Course Guide: Santa Anita

One of the most iconic racecourses in the world, US expert Peter T Fornatale highlights the key trends at the West Coast's premier track.

  • Wednesday 03 June
  • Blog
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Santa Anita Park is known as the Great Race Place and it’s easy to see why – it’s a picturesque, art deco inspired jewel of a racetrack, set just south of the San Gabriel Mountains, which appear like a Hollywood set across the backstretch.

It is famous for hosting some of the best racing in the USA with Grade 1 events like the Santa Anita Derby and Santa Anita Handicap and has hosted by far the most Breeders’ Cups of any venue, holding the event ten times.

Its history is nearly too rich to even get into in a piece like this but we’ll hot a few highlights and a notable lowlight. The track opened on Christmas Day 1934, and hosted the first $100,000 race in the USA with the inaugural Santa Anita Handicap in 1935. Five years later, the legendary Seabiscuit won that race in his final start. In 2020 the race went to Combatant, who provided Long Beach trainer John Sadler with his third consecutive win in the race (replay below).

During World War II, racing was suspended and the facility was used as an internment camp for Japanese Americans.

The track has always had deep ties to Hollywood, with movie stars among its initial investors and many celebrities running their horses at the oval over the years. It can also be seen in films like A Day at the Races, A Star is Born (x2), Seabiscuit, and dozens of others.

It is currently owned by the Stronach Group.



The winter-spring Santa Anita meet begins on Boxing Day and carries on through mid-June. The Autumn meet usually begins in late-September and continues through late October or early November. Days of the week vary slightly but of late they are racing Friday through Sunday with the occasional Monday holiday thrown in for good measure. Racing typically starts around 9pm GMT and carries on until the early morning hours.


Santa Anita has a one-mile dirt track and a turf course that is nine-tenths of a mile. On both surfaces, races run at a mile or over are contested around two turns. Turf races nine furlongs and longer start on the downhill turf course. There is also a relatively new 5.5-furlong turf course where races start (briefly) on the dirt.

Lamentably, the famous “European-style” downhill turf course isn’t being used at present for 6.5-furlong races as some believe that the cross-over to the dirt course with horses travelling at full speed presented a safety issue. Hopefully a workaround will be discovered at some point.


Except where noted, the stats in this piece were compiled with the help of self-professed “numbers geek,” and regular contributor to, John Camardo. The sample started at the beginning of 2016 and carried through the first few days after the restart of racing: May 17, 2020. The charts have been edited for clarity (retired/suspended jocks removed etc.)

Where possible, two stats we like to track are ROI (return on investment, looking at what happen if you wagered a dollar via the tote on every mount), and IV (Impact Value, how often connections win compared to have often they “should” win, as implied by the odds. When evaluating ROI, keep in mind that any number over $0.85 should be considered a positive result, in the sense that $0.15 is taken out of every wagering dollar via the tote pools. If you’re “beating the takeout,” you are doing very well. With Impact Values, a number of 1.0 means something happens exactly as much as it should, with negative numbers indicating they don’t happen as often as they should and positive values indicating just the opposite.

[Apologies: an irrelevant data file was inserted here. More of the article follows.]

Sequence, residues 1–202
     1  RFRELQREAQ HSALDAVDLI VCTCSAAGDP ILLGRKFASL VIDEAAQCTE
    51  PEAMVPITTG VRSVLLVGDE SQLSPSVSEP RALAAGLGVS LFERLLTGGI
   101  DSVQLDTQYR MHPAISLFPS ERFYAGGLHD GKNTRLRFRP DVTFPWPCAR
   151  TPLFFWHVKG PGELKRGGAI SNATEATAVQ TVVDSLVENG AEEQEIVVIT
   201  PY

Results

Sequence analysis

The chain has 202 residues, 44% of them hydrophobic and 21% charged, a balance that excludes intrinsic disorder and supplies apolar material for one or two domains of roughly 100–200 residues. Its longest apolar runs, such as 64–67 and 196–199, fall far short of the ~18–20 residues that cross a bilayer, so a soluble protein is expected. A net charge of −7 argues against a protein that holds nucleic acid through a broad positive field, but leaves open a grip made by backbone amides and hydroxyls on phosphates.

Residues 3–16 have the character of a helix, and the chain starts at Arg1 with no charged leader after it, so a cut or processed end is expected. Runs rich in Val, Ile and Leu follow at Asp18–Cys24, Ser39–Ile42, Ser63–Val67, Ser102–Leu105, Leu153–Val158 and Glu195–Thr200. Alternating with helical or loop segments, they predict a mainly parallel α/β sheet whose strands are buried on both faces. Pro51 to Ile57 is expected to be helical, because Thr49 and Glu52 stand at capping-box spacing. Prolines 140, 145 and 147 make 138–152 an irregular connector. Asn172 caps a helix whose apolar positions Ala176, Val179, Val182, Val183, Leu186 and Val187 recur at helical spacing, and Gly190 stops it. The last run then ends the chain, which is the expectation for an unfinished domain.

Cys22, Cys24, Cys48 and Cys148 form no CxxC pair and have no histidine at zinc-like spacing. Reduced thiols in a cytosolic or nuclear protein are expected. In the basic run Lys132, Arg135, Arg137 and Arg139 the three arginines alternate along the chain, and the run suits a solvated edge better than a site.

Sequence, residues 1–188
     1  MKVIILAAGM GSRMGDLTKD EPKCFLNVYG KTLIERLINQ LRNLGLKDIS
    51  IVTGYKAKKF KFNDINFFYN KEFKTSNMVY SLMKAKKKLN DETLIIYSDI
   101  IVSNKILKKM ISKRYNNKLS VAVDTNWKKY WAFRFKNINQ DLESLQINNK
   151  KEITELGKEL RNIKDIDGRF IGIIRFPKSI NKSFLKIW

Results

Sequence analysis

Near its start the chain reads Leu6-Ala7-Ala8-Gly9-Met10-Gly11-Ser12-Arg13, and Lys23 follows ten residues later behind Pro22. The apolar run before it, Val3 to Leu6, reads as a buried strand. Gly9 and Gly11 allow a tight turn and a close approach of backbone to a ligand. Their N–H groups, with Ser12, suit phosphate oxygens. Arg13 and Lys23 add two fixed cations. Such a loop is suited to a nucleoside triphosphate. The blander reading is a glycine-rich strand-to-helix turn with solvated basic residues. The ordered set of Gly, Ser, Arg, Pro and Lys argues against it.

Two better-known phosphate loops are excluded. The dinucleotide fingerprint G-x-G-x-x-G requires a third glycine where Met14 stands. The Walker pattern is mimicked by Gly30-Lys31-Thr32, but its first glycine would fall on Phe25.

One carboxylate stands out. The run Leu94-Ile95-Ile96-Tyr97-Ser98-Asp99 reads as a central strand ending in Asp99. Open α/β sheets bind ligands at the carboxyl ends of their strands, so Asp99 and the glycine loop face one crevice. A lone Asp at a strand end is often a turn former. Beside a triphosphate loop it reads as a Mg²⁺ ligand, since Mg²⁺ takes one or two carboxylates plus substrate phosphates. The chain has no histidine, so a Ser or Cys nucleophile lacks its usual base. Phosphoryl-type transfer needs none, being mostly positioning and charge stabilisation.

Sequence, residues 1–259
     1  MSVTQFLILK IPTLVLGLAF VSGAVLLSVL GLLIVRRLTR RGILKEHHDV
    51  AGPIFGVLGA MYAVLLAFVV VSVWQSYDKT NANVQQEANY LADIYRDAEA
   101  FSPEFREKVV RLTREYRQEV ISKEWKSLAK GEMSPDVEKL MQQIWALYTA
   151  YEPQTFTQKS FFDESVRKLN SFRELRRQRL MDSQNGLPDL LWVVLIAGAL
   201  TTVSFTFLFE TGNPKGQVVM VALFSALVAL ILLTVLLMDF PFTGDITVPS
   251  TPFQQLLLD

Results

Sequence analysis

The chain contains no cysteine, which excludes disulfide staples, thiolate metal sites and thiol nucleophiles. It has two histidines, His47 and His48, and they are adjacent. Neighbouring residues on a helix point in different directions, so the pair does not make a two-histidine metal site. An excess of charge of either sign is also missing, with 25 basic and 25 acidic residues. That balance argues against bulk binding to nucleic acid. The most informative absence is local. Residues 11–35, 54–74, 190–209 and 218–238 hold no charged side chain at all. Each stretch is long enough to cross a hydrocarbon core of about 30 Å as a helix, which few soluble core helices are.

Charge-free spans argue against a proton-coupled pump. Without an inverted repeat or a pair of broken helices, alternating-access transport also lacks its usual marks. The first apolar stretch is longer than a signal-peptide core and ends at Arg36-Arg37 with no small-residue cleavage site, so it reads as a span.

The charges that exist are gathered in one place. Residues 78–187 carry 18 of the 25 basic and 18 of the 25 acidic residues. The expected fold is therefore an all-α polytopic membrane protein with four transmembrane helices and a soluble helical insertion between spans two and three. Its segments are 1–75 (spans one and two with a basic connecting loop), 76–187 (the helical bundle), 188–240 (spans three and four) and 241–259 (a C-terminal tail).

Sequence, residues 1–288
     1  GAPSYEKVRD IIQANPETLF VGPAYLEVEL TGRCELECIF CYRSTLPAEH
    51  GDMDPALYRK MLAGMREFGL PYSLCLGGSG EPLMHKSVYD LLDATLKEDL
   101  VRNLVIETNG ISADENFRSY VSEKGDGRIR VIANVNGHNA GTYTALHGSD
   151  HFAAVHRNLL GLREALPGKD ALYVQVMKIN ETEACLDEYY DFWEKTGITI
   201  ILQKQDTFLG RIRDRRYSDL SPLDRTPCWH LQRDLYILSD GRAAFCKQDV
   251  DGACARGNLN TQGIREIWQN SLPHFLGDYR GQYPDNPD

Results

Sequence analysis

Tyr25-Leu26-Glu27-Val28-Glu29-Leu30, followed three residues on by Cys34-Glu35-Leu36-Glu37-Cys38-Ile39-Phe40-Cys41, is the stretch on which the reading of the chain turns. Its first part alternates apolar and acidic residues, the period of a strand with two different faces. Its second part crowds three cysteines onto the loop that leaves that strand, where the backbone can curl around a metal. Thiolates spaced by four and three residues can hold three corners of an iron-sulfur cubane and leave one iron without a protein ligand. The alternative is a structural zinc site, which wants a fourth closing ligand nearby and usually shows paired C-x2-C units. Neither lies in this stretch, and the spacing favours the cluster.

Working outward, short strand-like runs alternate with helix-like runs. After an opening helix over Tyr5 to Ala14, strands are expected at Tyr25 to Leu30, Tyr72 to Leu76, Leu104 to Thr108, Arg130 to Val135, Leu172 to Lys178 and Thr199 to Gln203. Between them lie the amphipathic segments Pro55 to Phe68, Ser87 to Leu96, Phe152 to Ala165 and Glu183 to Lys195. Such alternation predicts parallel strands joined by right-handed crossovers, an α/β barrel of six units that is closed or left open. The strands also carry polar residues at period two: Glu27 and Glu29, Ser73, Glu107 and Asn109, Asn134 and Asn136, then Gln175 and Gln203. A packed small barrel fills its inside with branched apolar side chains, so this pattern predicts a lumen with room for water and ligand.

It’s a mixed bag of results for the biggest name jockeys on dirt at Santa Anita as you can see from our table. As one might surmise, when “Money” Mike Smith picks up a dirt mount, you should pay attention. In our sample, his number are strong: 32 percent winners, a 1.17 IV and a return of $1.06 on the dollar. Just wow.

Another veteran who has done well in limited opportunities on our advanced stats is Aaron Gryder. Gryder – the lone jockey with a Sopranos appearance on his resume – has an 18 percent strike rate, 1.26 IV and $1.06 ROI.

Here’s our criteria for “riders to watch” on dirt at Santa Anita: 17 percent wins, IV over 1, takeout beating ROI. Not a ton of signal here as it’s basically the top of the jockeys table with a couple of savvy veterans thrown in. The complete list: Mike Smith, Aaron Gryder, Kent Desormeaux, Joel Rosario, Victor Espinoza, Rafael Bejarano, Drayden Van Dyke.

Interestingly, the rider I consider the best right now in SoCal just misses this list, Flavien Prat. I think this is just a case of the market fully understanding how good he is and depressing the price. He doesn’t miss by much.

Data up to 17th May 2020


The revelation here is Umberto Rispoli. With limited starters, he’s got 26 percent winner, a 1.55 IV and a $1.32 ROI. This is a rider to follow on grass.

I’d have guessed Prat’s numbers would be excellent on turf and they are: 22 percent winners /1.07 IV /$0.86 ROI. Also, it’s worth noting that when Prat is on a runner projecting to run the fastest closing sectionals, that win percentage goes to a sky-high 64 percent (not a typo!) and his ROI goes above $1.50.

The only other rider to meet our “watch” criteria in turf routes is Joel Rosario: 21 percent winners, 1.08 IV, $1.05 ROI.

It’s worth noting that Mike Smith just misses here 17 percent winners, 1.02 IV, $0.86 ROI. The crowd has him pretty well sussed but it’s certainly no negative to see him in the irons on the grass.

Data up to 17th May 2020


By wins, it’s no surprise to see Bob Baffert come out on top by a long way in our table. In terms of IV, the market seems to understand him perfectly, with his charges winning almost as exactly as often as they are supposed to. In ROI terms, don’t even think about betting all of his runners blindly or you’re going to lose a lot of money. His ROI is just $0.53.

Let’s take a quick glance at the other active trainers with over 100 wins in our sample. Peter Miller checks in with a 22 percent strike rate, a 1.08 IV and a $0.66 ROI. Phil D’Amato is in nearly the same point – strike rate and IV identical to Miller’s. he comes out a little better still in ROI terms: $0.74, getting within hailing distance of the takeout. Among the most famous trainers at Santa, these would be the two I’d be most comfortable giving extra credit to.